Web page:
In hindsight, Bradley Cooper’s directorial debut “A Star is Born” served as the commercial tune-up that paved the way for “Maestro,” as both films deal with the price of art as well as loving an artist. The newer film follows the fact-based tale of conductor Leonard Bernstein, with beautiful performances by Cooper and Carey Mulligan anchoring a movie that’s not always easily accessible, but certainly far from shallow.
Before getting to the movie itself, a word about the controversy it triggered over the prosthetic nose that Cooper donned to better resemble his Jewish character. Despite the long history of actors doing that – and support from Bernstein’s family – to some, the stereotypical aspect of the image struck a nerve, though it’s a sensation that should quickly dissipate watching Cooper disappear into the role.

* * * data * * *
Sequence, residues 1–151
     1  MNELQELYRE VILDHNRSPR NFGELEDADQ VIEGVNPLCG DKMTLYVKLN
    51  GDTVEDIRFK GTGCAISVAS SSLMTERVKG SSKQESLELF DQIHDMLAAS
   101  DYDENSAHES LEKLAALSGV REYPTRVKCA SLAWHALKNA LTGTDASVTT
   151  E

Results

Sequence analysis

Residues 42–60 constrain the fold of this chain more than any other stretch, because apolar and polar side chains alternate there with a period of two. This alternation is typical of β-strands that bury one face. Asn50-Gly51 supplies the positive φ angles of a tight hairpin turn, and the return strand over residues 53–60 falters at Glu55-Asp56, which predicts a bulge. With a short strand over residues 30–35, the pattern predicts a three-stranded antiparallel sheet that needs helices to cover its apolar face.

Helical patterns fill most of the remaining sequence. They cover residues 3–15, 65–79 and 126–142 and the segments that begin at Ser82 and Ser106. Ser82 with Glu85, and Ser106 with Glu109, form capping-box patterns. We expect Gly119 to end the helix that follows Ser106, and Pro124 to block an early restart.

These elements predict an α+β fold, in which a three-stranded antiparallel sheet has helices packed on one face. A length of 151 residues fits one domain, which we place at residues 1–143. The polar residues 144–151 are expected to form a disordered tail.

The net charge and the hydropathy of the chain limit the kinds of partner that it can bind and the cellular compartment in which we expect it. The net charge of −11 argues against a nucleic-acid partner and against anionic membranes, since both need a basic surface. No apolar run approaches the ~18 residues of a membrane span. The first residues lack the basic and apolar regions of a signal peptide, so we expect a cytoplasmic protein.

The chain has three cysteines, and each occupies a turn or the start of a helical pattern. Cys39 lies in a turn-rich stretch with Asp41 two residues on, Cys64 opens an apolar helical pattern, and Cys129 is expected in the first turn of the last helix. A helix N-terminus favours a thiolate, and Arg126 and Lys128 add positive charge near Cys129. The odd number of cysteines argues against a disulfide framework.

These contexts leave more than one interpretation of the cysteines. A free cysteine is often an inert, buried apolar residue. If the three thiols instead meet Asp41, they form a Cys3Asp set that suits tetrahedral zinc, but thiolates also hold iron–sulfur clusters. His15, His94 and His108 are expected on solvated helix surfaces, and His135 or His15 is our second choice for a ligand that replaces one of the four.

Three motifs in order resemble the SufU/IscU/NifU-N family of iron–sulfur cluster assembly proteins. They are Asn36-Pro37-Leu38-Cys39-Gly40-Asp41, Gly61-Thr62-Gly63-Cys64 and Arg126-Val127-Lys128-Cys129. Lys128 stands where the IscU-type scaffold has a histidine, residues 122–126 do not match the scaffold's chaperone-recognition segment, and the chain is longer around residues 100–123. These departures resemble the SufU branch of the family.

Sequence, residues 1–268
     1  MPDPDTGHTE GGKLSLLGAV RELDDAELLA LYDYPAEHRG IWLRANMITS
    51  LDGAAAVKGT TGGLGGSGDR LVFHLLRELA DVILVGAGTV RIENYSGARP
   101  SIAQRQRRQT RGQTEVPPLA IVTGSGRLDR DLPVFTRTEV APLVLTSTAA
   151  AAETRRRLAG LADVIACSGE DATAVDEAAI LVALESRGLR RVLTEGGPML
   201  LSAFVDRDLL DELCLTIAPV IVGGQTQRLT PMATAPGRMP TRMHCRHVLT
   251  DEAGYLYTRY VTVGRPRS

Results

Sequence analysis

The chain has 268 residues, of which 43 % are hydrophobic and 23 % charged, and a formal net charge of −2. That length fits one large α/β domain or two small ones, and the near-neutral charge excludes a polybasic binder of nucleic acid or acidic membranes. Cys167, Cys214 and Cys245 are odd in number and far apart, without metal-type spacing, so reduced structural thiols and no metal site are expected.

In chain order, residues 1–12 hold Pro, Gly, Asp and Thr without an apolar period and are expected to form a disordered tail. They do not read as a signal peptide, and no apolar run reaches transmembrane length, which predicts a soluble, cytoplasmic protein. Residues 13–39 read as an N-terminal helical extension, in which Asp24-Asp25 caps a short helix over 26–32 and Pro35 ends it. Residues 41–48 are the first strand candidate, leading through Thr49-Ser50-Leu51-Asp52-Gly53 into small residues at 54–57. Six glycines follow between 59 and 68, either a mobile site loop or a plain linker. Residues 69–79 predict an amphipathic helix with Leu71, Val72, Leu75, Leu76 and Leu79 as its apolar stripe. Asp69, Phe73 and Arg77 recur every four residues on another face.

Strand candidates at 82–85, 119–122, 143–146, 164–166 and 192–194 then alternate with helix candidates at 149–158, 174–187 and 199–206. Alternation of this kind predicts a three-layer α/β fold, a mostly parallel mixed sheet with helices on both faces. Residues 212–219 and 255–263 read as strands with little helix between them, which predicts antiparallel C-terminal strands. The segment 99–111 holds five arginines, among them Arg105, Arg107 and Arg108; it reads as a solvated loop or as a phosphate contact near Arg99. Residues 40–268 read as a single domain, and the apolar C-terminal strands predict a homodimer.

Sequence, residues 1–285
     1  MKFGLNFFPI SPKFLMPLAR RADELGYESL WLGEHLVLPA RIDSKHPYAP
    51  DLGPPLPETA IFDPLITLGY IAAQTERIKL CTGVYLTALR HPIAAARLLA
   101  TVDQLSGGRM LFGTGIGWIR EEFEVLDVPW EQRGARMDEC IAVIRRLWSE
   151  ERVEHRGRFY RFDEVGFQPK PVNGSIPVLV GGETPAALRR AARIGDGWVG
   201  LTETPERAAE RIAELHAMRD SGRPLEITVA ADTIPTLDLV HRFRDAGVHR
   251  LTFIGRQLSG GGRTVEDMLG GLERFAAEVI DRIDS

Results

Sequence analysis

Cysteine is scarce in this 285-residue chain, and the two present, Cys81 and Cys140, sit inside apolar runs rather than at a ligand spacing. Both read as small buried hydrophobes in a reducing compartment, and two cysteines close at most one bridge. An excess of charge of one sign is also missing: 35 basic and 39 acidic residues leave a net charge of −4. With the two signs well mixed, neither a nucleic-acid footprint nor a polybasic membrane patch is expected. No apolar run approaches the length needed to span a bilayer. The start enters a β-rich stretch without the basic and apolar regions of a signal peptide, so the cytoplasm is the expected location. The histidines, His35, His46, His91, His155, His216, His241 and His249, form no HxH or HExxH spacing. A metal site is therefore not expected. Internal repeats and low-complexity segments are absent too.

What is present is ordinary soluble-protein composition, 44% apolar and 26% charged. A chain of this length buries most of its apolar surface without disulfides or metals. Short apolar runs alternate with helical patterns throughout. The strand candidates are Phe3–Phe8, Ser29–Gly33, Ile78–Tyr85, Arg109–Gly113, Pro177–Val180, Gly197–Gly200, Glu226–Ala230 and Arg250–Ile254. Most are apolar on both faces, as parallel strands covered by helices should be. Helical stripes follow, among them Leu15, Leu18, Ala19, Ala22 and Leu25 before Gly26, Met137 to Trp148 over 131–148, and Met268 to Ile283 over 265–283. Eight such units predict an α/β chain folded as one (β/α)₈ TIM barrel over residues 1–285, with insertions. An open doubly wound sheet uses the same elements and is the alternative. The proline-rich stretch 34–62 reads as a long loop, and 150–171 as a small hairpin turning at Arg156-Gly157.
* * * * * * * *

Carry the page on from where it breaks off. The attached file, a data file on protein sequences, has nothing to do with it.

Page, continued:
Ultimately, much of “Maestro’s” appeal has less to do with what’s seen by the eye than heard by the ear, using Bernstein’s music to set a mood and atmosphere while celebrating his artistry. Cooper goes the extra mile, in fact, to foster an appreciation for what a conductor does, capturing the way Bernstein threw the whole of his body and soul into the task, and the collateral damage from that creative explosion.
Source : CNN